Reference: The drive in on Lake Murray Drive a block south of Colvert’s was owned by Honest John Hubble. Thanks for you newsletter. It is always a lot of fun to read each Saturday.”  Larry Smith
“Butch, the little ice cream place on the east corner on Lake Murray Dr. (that everyone has been writing about) was owned by “Honest John Hubble” and was called Dairy Delight (or Delite). They did, indeed, have a parrot hanging in a cage out front. In addition, their son (might have been John Jr…can’t remember), was a cheerleader at OU. This was before it was the “in thing” for a guy to get involved in cheerleading. I thought it was so neat. His parents had pictures of him in his uniform in the window of the ice cream place and I always carefully scanned them, wishing I could be a cheerleader. (I was in later years at Plainview). I remember that this place had the best milkshakes and malts I’d ever tasted. One that was unusual was a peanut butter flavor…my favorite was butter pecan. I lived in So. Texas for a few years (early to mid 60’s), and when I came back I remember that you could buy a taco at the Dairy Delight. It was one of the few (maybe the only) place in town that offered them. I’d become so used to eating them in TX, that I frequented the DD and more than ate my share. I am writing a journal of memoirs for my descendants and plan on including some of this info. A different topic, but does anyone remember the scrumptious “punch” you could get at Colvert’s Dairy? You could get it in lime (green) and a red (maybe cherry or strawberry). Anyway, whenever we had any kind of get together such as a shower or birthday party, that gave us a good excuse to get some of it… our favorite was the lime. It came in one gallon cartons and we would mix it with 7-up and sometimes add some fruit cocktail for color. UMMMM! I can almost taste it. Don’t supposed it’s even made anymore. By the way, are you planning another trip to Brown Springs anytime soon? A lady I work with wants to go, but don’t know if I’m brave enough. I still remember the other time I went with you, never before experienced anything like the feeling I had when I walked through it. Very eerie!! Take care, Butch, and God bless.”  -Diane Armstrong
“Butch, In reference to the “spoons in the persimmon tree,” my mother showed us children how there is a knife, fork or spoon in the persimmon seed. You carefully open up the seed and you will see a knife, fork or spoon-shaped growth inside. Until you check it yourself, it is hard to believe! We had fun with this! I didn’t care much for the persimmon fruit, but I liked checking out the center seed! I don’t remember her telling us that you could forecast the weather with it though.” The mentioning of Colvert’s Dairy also brings back memories to me. I lived in Durant for a few years and there was a Colvert’s Dairy there too. I still have some large cottage cheese containers with the Colvert’s info on the lids. And also I have a large, flat, aluminum ice cream spoon with the Colvert’s name on it. I think about the area every time I use it – I’ve been gone about 35 years! Thanks for keeping us informed about things in our area.”
“Butch ….. We look forward to Saturday mornings to read your latest T&T and always enjoy them. Since I was raised in Ardmore and apparently somewhat older than some of those who write you I may be able to answer some of their questions. First, there was a question about the community of Glenn. It was located in the SW corner of sec 3 T3s R1e. That is three miles west of the intersection of US hwy 77 on Springer Road. Next, there was a question of the killing of a lawman by Wiley Lynn. I believe the lawman’s name was Crockett Long. The story goes that he was shot four times by Lynn but managed to shoot Lynn who died 12 hours later. The widow and children of Lynn became highly respected citizens of Ardmore and some of them are buried in Ardmore. Next someone wrote about the gun factory north of Ardmore. There was such a factory and I believe Lumberman’s Mill occupied the property. The gun factory was called Hoffman Arms and made some of the best rifles ever. The man who ran the factory was named Dubiel. The factory was closed about he beginning of the great depression. I believe some of the Dubiel family still lives in Ardmore. I had two older brothers who worked there Keep up the good work and keep those interesting letters coming.”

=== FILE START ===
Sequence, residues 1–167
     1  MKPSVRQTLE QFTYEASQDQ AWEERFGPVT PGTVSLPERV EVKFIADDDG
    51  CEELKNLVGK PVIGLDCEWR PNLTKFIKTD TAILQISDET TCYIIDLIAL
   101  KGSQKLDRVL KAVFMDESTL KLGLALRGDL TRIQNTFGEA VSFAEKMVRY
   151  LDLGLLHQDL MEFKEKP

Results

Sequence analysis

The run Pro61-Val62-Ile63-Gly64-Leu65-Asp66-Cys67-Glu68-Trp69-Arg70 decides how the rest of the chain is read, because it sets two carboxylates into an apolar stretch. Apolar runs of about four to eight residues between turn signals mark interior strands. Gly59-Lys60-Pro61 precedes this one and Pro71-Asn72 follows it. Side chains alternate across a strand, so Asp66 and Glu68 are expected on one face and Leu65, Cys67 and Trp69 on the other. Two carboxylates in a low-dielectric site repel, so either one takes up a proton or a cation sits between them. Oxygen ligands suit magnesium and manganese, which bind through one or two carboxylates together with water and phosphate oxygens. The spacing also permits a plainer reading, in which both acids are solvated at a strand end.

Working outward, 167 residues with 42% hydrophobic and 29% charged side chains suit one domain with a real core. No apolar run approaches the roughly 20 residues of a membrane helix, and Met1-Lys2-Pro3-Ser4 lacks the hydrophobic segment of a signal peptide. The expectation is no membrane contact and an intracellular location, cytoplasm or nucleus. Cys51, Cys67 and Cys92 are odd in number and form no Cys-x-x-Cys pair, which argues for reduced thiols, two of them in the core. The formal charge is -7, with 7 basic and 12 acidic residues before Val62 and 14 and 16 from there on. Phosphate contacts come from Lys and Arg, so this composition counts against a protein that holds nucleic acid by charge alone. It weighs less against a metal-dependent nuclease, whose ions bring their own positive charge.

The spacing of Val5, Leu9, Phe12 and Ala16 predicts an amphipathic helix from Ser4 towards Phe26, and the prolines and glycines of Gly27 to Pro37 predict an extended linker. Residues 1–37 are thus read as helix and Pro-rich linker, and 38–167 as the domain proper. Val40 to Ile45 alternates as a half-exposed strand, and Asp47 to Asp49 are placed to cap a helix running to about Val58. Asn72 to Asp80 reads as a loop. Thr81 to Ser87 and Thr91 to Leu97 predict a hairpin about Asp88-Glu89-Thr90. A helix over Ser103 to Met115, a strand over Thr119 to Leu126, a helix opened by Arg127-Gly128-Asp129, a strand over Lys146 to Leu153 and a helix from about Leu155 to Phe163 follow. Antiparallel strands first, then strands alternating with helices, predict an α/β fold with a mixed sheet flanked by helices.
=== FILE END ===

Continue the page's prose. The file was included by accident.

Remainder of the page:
Gas prices today in the Ardmore area……


Non-ethanol gas (pure gas) stations in the Ardmore area.


Some mail from this week’s MAILBAG…..Carter Brothers Rock Crushing Plant in Crusher, Murray County, Oklahoma. An Atchison, Topeka & Santa Fe Railroad train cargo car is on the right.  I.W. Sanders, photographer, Davis, Oklahoma


A Decadent Deal for You: Christmas in the Barn – Nov 14th and 15th.  3015 Olen Road, Marietta, Oklahoma 580-812-1408

Map to Olen Road east of Marietta, Oklahoma.

“Would anyone have information or photos for E. B. Pugh or Marcus Pugh from Ardmore, OK? They had a feed and seed store, downtown, I believe Caddo and Broadway area. E. B. had a small store at his house 1007 C Northwest back around 1905 or so. Any information or sources would be appreciated.” -Byron Pugh  abpugh3@comcast.net

“Hey Butch, every time I go back home, I take 4 gallon jugs and fill them at the Vendome in Sulphur. I don’t think that the water is as strong as it used to be but I still like it anyway. One day a lady was saying how bad it tastes and I told her that it would cure anything that was wrong with you and added that when I came to Sulphur, I couldn’t even walk and look at me now. I had to tell her later that I was born here and new babies can’t walk.” -Roy Miller

“Butch, When the first car wash opened in Ardmore, you got 5 minutes for 25 cents. If you were quick enough, you could wash and rinse your car for one quarter.” -Monroe Cameron

“Butch, I remember Walden’s Hospital on West Broadway very well. My aunt had my cousin there in 1938. Dr. Walden’s brother, Judge Asa Walden, lived across the street from me in Marietta. Waldens Hospital was still in operation when I moved to Ardmore in 1942 and for a few years after that.” -Frances Dunlap

Several in the Ardmore area have opened up a persimmon tree seed and found a spoon inside.  The spoon is a prediction of wet, heavy snow. (I predict a cut finger trying to cut the seed in half.) The seed is extremely hard to get open. Anyway, keep your shovel, tire chains, and deicer handy.



See everyone next week!

Butch and Jill Bridges

Vicious Dog Attacks in Oklahoma
Bells of Oklahoma
Carter County Courthouse Paver Project
Ardmore High School Criterions Online
Oklahoma Bells: https://oklahomahistory.net/bellpage.html
Bill Hamm’s Cemetery Database
American Flyers Memorial Fund – Administration Webpage
Official American Flyers Memorial Website
Ardmore Army Air Field/Ardmore Air Force Base Website
Mirror Site of the Ardmore Army Air Field/Ardmore Air Force Website
Carter county schools, past and present
Carter County Government Website

All previous issues of This & That can be found on my Website.